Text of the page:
Promote International Networking and Local Action

by Barbara Loevinger Rahder

The value of Planners Network for me is the opportunity it provides for networking with progressive planners, academics, and activists in other places, and the support and ideas that these contacts offer my work locally. In thinking about where PN might develop in the future, I’d like to see these strengths built on through more international networking and local organizing, including more organizing within planning schools.

Encouraging more international links is important for a couple of reasons. Networking with progressives in other countries can provide PN with a broader perspective on planning issues and strategies to address these issues. Learning about the experiences of progressive planners in other contexts can stimulate new thinking about what might be possible in your own country or local area. Hearing about organizing efforts and local actions, as well as policy initiatives, undertaken in different settings › sometimes within very different political systems › helps us imagine other possible futures. This is not to say that networking and discussion of national urban policy within the U.S. aren’t needed, but there is also much to be gained by opening up the sometimes introspective focus of PN to consider these issues within a broader, more international or global framework.

It seems reasonable to concentrate this international networking, at least initially, with neighbors › Canada, the U.S. and Mexico. One might even argue that NAFTA (The North American Free Trade Agreement) makes this a necessity. We need to discover the progressive opportunities for planning within this new trade environment before these possibilities are wiped out by the corporate agenda.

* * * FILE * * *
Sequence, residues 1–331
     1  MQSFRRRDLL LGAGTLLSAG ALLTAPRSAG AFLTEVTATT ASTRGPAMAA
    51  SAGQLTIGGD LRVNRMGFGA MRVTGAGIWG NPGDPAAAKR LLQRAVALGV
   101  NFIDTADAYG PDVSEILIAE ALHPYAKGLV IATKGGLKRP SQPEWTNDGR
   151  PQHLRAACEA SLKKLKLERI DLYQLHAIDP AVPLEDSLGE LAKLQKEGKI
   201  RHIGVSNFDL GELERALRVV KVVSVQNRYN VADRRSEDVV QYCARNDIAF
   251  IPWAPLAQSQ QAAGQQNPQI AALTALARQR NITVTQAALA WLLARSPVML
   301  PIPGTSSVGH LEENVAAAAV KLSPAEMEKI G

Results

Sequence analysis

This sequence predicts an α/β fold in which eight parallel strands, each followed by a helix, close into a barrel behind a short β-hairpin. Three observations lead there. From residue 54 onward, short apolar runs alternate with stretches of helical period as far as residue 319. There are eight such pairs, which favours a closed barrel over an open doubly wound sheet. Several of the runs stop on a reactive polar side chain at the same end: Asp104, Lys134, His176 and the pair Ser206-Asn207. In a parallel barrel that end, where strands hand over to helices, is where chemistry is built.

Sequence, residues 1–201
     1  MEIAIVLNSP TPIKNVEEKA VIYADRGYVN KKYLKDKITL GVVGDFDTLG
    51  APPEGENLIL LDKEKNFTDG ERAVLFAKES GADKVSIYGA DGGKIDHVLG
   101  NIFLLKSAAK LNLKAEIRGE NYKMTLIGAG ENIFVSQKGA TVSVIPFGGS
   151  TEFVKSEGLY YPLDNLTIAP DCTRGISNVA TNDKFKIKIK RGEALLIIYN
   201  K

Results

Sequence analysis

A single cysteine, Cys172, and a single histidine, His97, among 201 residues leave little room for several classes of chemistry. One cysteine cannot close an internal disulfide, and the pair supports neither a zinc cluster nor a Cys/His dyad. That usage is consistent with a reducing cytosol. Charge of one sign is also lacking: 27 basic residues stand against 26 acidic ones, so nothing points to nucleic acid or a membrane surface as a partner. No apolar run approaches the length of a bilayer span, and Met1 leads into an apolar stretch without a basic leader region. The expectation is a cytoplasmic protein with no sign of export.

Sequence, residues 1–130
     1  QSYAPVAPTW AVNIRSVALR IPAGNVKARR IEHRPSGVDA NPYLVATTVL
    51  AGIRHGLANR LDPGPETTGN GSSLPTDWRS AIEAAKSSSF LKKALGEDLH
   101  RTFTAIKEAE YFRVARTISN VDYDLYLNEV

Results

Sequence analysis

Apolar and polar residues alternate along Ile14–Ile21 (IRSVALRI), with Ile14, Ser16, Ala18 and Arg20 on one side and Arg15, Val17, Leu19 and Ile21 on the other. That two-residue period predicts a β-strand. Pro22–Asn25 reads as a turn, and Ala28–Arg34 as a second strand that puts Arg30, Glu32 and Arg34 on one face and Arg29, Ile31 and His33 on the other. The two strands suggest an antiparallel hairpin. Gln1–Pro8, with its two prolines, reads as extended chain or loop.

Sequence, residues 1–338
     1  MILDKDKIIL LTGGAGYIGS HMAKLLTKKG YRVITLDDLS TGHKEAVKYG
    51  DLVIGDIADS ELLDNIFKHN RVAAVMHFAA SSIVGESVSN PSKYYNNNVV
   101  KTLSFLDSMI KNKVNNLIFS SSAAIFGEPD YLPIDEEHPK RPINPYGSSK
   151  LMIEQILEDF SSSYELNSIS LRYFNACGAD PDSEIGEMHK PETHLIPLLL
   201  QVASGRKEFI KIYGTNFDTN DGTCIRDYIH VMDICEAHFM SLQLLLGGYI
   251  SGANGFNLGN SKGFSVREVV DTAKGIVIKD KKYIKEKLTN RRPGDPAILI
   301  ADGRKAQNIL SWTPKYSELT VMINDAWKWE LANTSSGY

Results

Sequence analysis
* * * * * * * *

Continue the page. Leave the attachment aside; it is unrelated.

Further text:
Canadian membership in PN has been growing over the past few years. The series of recent PN articles and editorials has encouraged us to think about organizing a local Toronto chapter. I’d like to see PN explore similar links in Mexico and other countries, and support local organizing efforts as part of this strategy.

Support for local organizing is important for the future of PN. While networking with progressives in other contexts is an important source of support and new ideas, most of us work within a local or regional context. Organizing locally is an important means of promoting a progressive local agenda, or at least resisting the onslaught of neo-liberal thinking. It is not enough to have a network of spatially isolated progressives › either within the U.S. or across North America › though this is better than nothing. It is better to have a network of local chapters in which we can exchange ideas and experiences, and provide support and encouragement for planning practices that emphasize social and environmental justice.

I support Cathy Klump’s call (in the previous issue of PN) for PN to become a more vocal advocate for progressive planning education. In my experience, planning students are among those most interested in organizing and getting involved in Planners Network locally. They are eager, energetic, and interested in developing the knowledge and skills that will allow them to promote a more sustainable and socially equitable environment. PN could play an important role in advocating on their behalf and ensuring that planning education keeps pace with their changing needs.

Barbara Rahder is a PN Steering Committee member and Associate Professor in the Faculty of Environmental Studies at York University in Toronto.